Hematologic crises, characterized by sudden exaggeration of anemia, are pathogenetically and temporally unrelated to vaso-occlusive crises. If unrecognized or untreated, the decrease in

Aplastic Crises.

These events are the most common of the hematologic complications. The pathogenesis and course of aplastic crises in sickle cell anemia are similar to those of other chronic hemolytic states (see Chapter 41) . Several characteristics are indicative of an infectious basis. The crises are characteristically preceded by or associated with febrile illnesses, several members of families with

Hemolytic Crises (Hyperhemolytic Crises).

Such crises result from a sudden acceleration of the hemolytic process. They have been described in association with hereditary spherocytosis and mycoplasma infection. Although approximately 10% of black male patients with sickle cell anemia have the unstable A-variant of

Megaloblastic Crises.

These crises result from the sudden arrest of erythropoiesis by folate depletion . Chronic erythroid hyperplasia imposes a drain on folate reserves and biochemical evidence of mild folate deficiency can be demonstrated with high frequency in subjects with sickle cell anemia [360] . Megaloblastic crises likely occur when food consumption is interrupted by illness or alcoholism or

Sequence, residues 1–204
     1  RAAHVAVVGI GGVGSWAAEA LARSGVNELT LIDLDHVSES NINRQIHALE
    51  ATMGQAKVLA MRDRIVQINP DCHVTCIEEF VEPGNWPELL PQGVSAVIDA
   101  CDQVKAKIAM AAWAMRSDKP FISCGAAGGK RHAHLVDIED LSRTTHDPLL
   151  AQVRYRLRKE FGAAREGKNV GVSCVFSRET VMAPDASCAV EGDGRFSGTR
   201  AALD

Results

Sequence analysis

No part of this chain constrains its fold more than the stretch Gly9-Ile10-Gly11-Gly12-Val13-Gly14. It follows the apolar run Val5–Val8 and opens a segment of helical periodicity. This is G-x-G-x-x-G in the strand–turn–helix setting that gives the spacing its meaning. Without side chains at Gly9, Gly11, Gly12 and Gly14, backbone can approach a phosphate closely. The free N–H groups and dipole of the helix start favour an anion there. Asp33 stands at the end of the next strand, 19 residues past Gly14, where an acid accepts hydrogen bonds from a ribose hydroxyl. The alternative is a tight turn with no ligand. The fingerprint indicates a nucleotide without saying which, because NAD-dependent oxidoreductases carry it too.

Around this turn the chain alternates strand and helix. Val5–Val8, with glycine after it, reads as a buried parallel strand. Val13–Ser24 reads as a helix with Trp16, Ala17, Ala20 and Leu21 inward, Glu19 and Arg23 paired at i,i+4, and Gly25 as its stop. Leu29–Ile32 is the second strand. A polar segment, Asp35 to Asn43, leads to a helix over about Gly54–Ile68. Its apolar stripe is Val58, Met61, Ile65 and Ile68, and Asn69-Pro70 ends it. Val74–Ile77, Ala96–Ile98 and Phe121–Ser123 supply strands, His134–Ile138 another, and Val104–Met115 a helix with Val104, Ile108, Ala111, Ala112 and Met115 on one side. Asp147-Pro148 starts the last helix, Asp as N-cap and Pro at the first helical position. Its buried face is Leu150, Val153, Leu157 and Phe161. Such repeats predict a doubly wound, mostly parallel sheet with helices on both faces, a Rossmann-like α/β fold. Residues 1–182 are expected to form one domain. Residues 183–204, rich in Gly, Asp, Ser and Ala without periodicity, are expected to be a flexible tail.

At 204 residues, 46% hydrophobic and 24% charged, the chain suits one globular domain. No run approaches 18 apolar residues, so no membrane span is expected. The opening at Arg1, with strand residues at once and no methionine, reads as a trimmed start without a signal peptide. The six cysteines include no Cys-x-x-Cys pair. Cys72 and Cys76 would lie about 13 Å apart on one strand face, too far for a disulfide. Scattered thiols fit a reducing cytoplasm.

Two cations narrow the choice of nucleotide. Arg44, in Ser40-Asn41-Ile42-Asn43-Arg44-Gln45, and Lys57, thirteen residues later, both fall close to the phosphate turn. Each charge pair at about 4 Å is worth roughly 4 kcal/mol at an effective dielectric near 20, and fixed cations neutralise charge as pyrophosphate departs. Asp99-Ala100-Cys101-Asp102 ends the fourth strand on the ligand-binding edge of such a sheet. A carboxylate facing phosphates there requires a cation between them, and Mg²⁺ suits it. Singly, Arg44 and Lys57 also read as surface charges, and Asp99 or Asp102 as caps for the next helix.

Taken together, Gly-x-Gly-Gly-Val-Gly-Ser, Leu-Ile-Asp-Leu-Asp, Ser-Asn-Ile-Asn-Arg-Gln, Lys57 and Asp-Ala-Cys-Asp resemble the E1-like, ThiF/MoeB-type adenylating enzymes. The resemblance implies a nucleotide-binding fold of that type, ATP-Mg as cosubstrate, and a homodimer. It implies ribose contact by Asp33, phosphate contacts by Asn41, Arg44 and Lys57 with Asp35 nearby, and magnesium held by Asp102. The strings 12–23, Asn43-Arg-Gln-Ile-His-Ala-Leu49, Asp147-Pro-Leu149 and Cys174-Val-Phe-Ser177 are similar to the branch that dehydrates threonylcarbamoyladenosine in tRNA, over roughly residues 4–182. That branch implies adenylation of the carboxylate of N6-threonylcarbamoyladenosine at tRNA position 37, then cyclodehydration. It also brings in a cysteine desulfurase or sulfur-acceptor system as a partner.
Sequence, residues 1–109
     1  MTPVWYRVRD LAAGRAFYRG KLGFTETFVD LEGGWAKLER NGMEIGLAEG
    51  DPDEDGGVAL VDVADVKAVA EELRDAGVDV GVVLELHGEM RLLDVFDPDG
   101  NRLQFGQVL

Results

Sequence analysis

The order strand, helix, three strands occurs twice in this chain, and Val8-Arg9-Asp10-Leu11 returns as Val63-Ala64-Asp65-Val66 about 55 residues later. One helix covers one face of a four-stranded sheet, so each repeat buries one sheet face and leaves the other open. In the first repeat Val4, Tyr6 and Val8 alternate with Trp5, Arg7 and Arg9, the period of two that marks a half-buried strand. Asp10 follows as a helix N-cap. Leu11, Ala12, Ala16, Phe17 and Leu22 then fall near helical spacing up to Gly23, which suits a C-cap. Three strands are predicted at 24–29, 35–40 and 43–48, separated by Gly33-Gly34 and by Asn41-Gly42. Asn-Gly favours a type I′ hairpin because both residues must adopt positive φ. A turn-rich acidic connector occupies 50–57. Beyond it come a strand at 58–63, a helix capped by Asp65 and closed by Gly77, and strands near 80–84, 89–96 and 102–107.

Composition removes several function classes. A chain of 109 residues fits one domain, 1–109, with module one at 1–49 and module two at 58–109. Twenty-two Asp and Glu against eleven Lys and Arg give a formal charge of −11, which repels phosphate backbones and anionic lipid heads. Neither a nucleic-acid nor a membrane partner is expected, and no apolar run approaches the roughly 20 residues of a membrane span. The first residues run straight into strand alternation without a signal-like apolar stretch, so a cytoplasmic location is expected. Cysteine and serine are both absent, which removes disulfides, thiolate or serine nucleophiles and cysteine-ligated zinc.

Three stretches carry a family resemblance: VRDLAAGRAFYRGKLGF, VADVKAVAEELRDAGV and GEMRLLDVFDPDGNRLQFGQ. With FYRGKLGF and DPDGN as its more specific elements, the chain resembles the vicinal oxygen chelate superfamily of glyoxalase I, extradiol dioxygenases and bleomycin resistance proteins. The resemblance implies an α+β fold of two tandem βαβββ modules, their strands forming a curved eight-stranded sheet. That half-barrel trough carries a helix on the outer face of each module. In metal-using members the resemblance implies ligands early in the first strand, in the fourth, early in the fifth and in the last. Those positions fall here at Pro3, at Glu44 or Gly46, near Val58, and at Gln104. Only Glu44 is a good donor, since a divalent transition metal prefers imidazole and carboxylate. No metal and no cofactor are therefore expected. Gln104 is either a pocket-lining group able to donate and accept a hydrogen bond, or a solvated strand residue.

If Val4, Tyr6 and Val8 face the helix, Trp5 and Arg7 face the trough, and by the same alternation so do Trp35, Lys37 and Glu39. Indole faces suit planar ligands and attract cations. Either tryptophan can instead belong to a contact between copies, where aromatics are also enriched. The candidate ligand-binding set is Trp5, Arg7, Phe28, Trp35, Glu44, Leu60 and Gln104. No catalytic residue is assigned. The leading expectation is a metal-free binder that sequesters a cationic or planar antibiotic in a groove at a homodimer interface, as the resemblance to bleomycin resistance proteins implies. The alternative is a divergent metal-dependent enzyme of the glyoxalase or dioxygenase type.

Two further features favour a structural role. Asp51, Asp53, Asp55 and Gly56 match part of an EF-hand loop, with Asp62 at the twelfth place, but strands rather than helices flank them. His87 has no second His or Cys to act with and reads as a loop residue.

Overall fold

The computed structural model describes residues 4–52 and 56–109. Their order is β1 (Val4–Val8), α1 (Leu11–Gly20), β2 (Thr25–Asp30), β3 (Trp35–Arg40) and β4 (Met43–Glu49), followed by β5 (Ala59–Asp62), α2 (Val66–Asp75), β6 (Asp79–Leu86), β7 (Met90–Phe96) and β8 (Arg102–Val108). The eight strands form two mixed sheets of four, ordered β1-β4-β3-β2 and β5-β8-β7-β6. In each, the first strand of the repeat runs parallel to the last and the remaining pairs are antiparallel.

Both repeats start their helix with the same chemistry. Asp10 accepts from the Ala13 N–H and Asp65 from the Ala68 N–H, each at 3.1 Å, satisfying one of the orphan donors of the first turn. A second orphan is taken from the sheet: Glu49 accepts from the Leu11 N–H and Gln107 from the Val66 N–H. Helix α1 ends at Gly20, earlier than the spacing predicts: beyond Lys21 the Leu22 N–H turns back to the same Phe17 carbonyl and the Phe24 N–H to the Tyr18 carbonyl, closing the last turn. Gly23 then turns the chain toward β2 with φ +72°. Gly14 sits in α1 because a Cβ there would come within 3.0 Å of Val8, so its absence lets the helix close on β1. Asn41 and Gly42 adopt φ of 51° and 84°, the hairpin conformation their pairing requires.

Overwhelming infection may be the presenting manifestation of sickle cell anemia in early childhood. Acute infection is one of the most common causes of hospitalization and has been the most frequent cause of death, particularly during the first 3 years of life. S. pneumoniae is the most frequent infecting

Prevention of Infection.

Over the past decade, penicillin prophylaxis has emerged as a success story in the management of sickle cell disease. Two controlled trials, one in Jamaica and the other organized by the National Institutes of Health, led to the widespread acceptance of penicillin prophylaxis as standard therapy [398] [399] . In the latter trial, twice-daily oral penicillin V resulted in an 84% reduction in the incidence of pneumococcal bacteremia in infants less than 36 months of age. Current recommendations are to

Chronic Organ Damage
Growth and Development.

The sickling syndromes profoundly affect growth and development. Growth curves for the height, weight, and

Bones and Joints.

In addition to the acute episodes of skeletal pain described previously, chronic and progressive destruction of the bones and joints may take place in the absence of clearly defined episodes of pain. The most prominent changes evolve slowly from the cumulative effect of recurrent, small episodes of ischemia or infarction within the

Central Nervous System.